The case is Cheng v. Canada Goose Holdings Inc. et al., Case Number 1:19-cv-08204, in the U.S. District Court for the Southern District of New York.


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Volkswagen has agreed to settle a class action brought by investors arising out of its diesel emissions-cheating scandal. The complaint alleged that it knowingly issued false financial statements about its exposure and liabilities. Continue reading “VW Settles Securities Class Action for $48 Million”

Lawyers for a certified class of investors in Juno Therapeutics have announced a $24 million settlement to resolve claims that the biopharmaceutical company’s failure to disclose the death of one of its immunotherapy patients led to a 30 percent drop in its share price. Continue reading “Juno Therapeutics Settles Securities Class Action for $24 Million”

Shareholders of Facebook stock sued the social media giant alleging that Facebook made misleading claims about its use of user data, which blew up this month when its alleged relationship to a Trump-linked data firm was made public.

Continue reading “Securities class action filed against Facebook relating to data provided to Cambridge Analytica”

In an important decision for investors, the U.S. Supreme Court ruled on March 20, 2018, that state courts can continue to hear certain securities class actions brought under federal law.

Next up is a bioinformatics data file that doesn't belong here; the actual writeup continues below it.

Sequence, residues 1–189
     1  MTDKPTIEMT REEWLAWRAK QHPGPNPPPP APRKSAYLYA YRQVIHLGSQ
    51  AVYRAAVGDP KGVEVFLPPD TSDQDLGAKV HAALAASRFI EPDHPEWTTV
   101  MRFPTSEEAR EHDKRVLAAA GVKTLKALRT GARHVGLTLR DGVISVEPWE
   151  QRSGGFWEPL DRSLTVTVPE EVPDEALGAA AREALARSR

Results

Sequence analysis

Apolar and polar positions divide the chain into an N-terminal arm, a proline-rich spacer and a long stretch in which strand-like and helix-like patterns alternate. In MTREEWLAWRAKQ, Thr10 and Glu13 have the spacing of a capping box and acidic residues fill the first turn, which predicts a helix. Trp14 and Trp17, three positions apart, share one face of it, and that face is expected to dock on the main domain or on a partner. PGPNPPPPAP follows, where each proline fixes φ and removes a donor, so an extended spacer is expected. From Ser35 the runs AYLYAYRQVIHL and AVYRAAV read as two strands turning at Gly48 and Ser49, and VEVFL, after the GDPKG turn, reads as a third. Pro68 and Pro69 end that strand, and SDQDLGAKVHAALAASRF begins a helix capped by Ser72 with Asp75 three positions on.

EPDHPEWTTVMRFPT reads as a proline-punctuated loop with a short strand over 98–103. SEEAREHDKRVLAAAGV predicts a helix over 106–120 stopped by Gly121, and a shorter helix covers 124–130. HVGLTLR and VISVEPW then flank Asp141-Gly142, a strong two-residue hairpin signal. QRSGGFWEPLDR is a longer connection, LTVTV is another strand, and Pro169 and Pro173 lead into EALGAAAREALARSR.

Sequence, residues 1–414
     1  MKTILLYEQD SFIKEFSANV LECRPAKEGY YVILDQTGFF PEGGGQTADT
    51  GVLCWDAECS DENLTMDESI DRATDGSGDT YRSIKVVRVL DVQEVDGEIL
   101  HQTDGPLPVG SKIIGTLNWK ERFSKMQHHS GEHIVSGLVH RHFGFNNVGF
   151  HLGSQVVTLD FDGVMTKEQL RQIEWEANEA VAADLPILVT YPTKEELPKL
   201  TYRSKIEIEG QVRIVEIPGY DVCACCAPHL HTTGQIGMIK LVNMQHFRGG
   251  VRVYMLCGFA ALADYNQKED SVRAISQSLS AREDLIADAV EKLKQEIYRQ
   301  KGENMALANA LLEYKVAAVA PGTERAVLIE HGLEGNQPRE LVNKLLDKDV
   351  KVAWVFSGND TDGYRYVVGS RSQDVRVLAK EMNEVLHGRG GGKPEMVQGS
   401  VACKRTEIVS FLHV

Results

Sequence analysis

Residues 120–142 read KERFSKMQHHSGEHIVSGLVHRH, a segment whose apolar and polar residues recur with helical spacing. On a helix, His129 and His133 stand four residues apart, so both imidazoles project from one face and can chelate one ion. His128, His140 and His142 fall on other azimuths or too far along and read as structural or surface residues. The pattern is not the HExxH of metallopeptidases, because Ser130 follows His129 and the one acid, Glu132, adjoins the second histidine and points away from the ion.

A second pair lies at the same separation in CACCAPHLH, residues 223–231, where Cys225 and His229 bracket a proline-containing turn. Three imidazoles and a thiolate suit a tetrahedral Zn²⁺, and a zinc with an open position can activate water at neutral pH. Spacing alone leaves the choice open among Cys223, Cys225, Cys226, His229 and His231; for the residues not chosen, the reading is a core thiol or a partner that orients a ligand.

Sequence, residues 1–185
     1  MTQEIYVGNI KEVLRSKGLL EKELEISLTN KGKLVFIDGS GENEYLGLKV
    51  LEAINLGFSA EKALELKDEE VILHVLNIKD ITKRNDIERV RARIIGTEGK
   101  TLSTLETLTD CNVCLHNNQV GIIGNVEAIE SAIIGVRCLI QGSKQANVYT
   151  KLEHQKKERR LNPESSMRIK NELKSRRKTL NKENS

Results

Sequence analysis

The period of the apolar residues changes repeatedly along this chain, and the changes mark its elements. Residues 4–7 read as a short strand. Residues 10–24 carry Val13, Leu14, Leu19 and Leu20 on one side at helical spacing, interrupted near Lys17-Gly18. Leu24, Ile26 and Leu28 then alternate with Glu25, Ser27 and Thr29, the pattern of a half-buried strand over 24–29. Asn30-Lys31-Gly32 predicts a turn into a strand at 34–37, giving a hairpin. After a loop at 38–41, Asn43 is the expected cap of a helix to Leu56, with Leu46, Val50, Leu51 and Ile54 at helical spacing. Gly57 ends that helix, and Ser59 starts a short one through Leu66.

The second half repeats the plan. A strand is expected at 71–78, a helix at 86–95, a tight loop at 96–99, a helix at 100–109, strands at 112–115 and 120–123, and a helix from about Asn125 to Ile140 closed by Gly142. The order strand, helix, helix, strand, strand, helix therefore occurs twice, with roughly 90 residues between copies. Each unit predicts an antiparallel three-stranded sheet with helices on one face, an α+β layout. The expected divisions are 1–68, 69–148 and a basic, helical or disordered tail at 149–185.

Continue reading “U.S. Supreme Court says state courts may continue to hear securities class actions”

The parties to a class action against Yahoo arising out of a data breach involving the personal information of 1.5 billion users announced a settlement of the claims of investors that the risks were not disclosed.

Continue reading “Yahoo agrees to $80 million settlement of securities class action arising out of data breach”

LJM Preservation and Growth Fund lost 80 percent of its value betting the wrong way on market turmoil in the first week of February. Now, it has been named in a proposed securities class action alleging the company and its executives lied to investors about its strategy.

Continue reading “LJM Preservation and Growth Fund sued in class action”

Investors in a class action against media analytics company comScore Inc. asked a New York federal judge on January 12th to approve a $110 million settlement.

Continue reading “ComScore settles investor class action for $110 million”

Shareholders of Brazilian oil giant, Petrobas, have obtained a nearly $3 billion settlement of a class action alleging that the energy company concealed kickbacks that top officials and their political patrons received in exchange for directing Petrobras to buy and build production facilities at inflated prices.

Continue reading “Brazilian oil corporation, Petrobas, agrees to $3 billion securities fraud settlement”

HPHewlett Packard has agreed to pay $100 million to end a proposed securities class action over its $11 billion acquisition of British software company, Autonomy Corp.

Continue reading “Hewlett Packard settles securities class action”